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What the 2nd Amendment really says

No one should ever die because someone feels entitled to pull a trigger. However, it seems that every day on the streets of Baltimore someone exercises his entitlement (if you own a gun you are entitled to operate it which includes pulling its trigger). An entitlement many say is granted by the Second Amendment. But did it really?

The Second Amendment reads, “A well-regulated militia, being necessary to the security of a free state, the right of people to keep and bear arms should not be infringed.”

When the first 10 amendments (the Bill of Rights) were ratified, it was clearly understood that the Second Amendment meant exactly what it said: that militias were vital to the national security and therefore people could keep and bear arms for that specific purpose, as members of the militia.

For 218 years federal judges, who spoke the same English language as the Founders, held that the Second Amendment allowed states to form militias, now known as National Guards, and arms could be acquired for that unique and limited purpose. Supreme Court Chief Justice Warren Burger, a conservative appointee who replaced liberal Earl Warren, called the National Rifle Association’s idea of individual gun rights a “preposterous fraud.”

The NRA building’s façade is emblazoned with its trimmed version of the Second Amendment which includes only these words, “The right of the people to keep and bear arms shall not be infringed.” By omitting the vital words, “A well-organized militia, being necessary for the security of a free state,” the organization sought and bought justification of gun ownership. The NRA contributes millions to politicians to maintain this deadly diminution of the true meaning of the Second Amendment.

That venerable understanding of more than two centuries was shattered, when stare decisis (the doctrine to stand by things previously settled by the court) was shattered by a radical 5-4 majority decision written by Justice Antonin Scalia in the District of Columbia v. Heller case. There the court found a new constitutional right to own a gun for self-defense in the home, despite the fact there were no written guarantees in the Constitution to an individual right to a gun for self-defense, nor were there references to such a right in the Bill of Rights debates.

Justice Scalia, who staunchly believed that court decisions should be based on a strict reading of the Constitution or the “original thinking” of the Founding Fathers, swung 180 degrees in composing the court’s opinion. It reads like the work of someone beset with obsessive-compulsive behavior as it picks and nit-picks to support this diversion from his norm. It has also been said that his diversion from that norm was influenced by the writings of scholars and scholars who were paid by the NRA Foundation to construe arguments for individual gun ownership.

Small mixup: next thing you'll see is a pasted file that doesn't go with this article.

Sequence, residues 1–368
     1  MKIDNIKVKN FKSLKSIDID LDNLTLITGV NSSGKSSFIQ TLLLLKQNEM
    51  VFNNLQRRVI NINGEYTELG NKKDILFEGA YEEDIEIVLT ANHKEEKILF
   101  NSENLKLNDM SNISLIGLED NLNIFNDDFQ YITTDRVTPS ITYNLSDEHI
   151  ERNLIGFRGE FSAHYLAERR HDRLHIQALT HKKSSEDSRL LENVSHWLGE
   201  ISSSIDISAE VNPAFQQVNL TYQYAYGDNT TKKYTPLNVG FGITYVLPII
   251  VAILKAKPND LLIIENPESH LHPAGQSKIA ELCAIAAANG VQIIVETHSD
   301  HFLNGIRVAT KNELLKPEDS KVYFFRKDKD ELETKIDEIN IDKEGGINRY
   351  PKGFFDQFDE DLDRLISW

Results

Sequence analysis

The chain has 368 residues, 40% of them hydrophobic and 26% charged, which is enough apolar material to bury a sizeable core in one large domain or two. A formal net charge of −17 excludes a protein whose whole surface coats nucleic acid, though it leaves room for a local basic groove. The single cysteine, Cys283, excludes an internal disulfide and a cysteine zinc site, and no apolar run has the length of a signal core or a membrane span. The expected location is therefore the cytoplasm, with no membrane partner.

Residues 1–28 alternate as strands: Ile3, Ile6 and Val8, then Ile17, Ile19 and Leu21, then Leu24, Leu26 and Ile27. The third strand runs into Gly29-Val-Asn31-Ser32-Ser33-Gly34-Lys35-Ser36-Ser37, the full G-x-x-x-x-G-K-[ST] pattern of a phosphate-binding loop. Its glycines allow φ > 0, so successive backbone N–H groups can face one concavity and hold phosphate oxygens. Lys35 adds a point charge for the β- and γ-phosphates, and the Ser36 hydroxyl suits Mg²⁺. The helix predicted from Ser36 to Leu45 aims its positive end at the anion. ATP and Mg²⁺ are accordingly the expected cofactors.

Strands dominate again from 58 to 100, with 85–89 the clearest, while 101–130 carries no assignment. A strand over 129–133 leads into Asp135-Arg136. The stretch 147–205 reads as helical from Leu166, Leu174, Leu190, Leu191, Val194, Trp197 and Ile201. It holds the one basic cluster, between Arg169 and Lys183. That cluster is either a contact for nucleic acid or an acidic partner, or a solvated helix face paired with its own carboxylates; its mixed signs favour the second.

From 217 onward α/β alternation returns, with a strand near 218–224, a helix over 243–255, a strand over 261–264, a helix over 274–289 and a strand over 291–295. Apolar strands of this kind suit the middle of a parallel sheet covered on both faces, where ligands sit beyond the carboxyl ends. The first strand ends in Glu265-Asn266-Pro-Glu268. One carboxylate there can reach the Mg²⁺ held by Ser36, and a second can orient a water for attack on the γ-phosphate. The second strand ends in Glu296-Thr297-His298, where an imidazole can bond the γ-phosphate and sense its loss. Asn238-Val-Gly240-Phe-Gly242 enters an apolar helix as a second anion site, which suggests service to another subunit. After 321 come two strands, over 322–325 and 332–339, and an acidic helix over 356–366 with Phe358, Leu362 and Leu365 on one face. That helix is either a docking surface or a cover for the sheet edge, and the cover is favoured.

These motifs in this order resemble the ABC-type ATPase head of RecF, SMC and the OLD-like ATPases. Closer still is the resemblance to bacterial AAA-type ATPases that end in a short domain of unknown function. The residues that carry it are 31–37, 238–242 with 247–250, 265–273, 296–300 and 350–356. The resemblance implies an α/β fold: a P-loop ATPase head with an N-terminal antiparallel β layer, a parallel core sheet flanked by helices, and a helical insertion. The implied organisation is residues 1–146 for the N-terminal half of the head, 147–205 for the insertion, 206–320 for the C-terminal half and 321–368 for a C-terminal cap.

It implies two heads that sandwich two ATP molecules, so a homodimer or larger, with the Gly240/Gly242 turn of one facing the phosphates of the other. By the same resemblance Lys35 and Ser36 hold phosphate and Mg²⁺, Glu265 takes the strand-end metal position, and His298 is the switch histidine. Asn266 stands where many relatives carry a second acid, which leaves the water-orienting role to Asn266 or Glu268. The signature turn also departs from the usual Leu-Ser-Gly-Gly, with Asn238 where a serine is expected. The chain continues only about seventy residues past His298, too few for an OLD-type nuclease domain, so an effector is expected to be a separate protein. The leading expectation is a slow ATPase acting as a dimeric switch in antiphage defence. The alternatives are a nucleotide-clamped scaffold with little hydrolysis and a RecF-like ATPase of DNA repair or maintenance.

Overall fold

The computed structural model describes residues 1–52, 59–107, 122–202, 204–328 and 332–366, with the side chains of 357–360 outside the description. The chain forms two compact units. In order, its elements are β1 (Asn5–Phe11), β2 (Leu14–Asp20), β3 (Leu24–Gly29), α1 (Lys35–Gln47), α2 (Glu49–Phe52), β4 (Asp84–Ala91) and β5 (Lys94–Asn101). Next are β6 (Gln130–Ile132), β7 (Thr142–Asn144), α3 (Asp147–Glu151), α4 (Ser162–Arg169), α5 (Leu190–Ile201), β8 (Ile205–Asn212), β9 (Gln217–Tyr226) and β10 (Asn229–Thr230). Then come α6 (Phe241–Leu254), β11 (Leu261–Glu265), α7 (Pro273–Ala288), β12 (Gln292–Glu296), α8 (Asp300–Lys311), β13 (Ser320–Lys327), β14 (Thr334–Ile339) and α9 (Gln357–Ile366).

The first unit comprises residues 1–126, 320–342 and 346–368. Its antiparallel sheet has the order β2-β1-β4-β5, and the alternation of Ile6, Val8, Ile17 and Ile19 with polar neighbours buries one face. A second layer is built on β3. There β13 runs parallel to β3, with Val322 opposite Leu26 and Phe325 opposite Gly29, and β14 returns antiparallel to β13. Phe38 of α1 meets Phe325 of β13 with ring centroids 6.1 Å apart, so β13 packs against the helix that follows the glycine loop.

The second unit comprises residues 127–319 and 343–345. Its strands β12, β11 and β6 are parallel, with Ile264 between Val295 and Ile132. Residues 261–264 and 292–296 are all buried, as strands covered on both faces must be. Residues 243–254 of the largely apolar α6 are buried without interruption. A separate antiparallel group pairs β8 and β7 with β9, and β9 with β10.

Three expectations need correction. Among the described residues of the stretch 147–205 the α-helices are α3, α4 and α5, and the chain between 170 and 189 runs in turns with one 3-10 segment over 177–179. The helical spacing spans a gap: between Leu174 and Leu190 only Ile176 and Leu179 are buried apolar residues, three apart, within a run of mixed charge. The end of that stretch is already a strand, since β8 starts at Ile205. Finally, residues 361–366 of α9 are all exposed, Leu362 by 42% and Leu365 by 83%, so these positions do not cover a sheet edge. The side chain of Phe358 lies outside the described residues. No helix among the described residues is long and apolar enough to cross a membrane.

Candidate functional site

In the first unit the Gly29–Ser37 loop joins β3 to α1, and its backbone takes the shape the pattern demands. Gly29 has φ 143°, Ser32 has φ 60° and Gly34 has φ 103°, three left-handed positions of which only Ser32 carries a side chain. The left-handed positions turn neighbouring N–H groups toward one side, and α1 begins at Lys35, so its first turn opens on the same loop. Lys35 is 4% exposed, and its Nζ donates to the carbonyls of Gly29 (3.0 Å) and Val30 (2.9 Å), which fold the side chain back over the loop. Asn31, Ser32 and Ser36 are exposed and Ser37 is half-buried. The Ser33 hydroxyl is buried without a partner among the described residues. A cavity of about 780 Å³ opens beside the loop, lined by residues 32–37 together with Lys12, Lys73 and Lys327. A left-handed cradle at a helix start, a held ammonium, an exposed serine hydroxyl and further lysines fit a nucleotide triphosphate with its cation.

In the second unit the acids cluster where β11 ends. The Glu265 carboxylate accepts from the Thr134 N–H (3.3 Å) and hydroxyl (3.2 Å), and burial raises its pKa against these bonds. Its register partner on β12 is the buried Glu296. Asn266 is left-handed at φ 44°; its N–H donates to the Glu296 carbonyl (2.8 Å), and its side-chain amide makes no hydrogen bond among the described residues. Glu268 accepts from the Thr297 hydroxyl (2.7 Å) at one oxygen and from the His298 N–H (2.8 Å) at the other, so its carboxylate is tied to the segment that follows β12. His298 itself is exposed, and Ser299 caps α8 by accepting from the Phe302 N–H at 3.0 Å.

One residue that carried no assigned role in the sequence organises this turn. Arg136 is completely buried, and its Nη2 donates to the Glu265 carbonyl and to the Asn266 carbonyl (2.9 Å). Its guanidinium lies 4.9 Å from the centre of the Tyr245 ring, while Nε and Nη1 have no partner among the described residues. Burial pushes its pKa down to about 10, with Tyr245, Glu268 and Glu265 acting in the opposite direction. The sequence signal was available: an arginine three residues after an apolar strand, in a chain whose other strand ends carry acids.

Many legal scholars deride Mr. Scalia’s regressive judicial philosophy. Ironically, they say any objective study of the Founding Fathers’ thinking indicates they understood why guns were needed and why their use should be strictly limited to “well-armed militias.” Guns were not to be owned by every male. If you had a gun, you were a member of the militia.

Justice John Paul Stevens’ strong dissent in Heller concluded that basis for the Second Amendment was to address, “fears of the national government disarming the state militias … an intolerable threat to state sovereignty.” Justice Stevens argued proponents hadn’t the slightest interest in limiting any legislature’s authority to regulate private civilian uses of firearms. He concluded, “There is no indication that the Framers … intended to enshrine the common-law right of self-defense in the Constitution.”

Heller has made America less safe as it inhibits cities and states from enacting sensible laws that can better regulate gun ownership. People who vehemently staunchly support unrestricted entitlement should remember that the Second Amendment in the Bill of Rights before pulling the trigger, “A well-organized militia, being necessary for the security of a free state, the right to keep (not own) and bear arms shall not be infringed.” It may be too late to put the genie back in the bottle but Congress can pass laws that offset the bloody mayhem that blots our streets.

Albert Bedell, Baltimore

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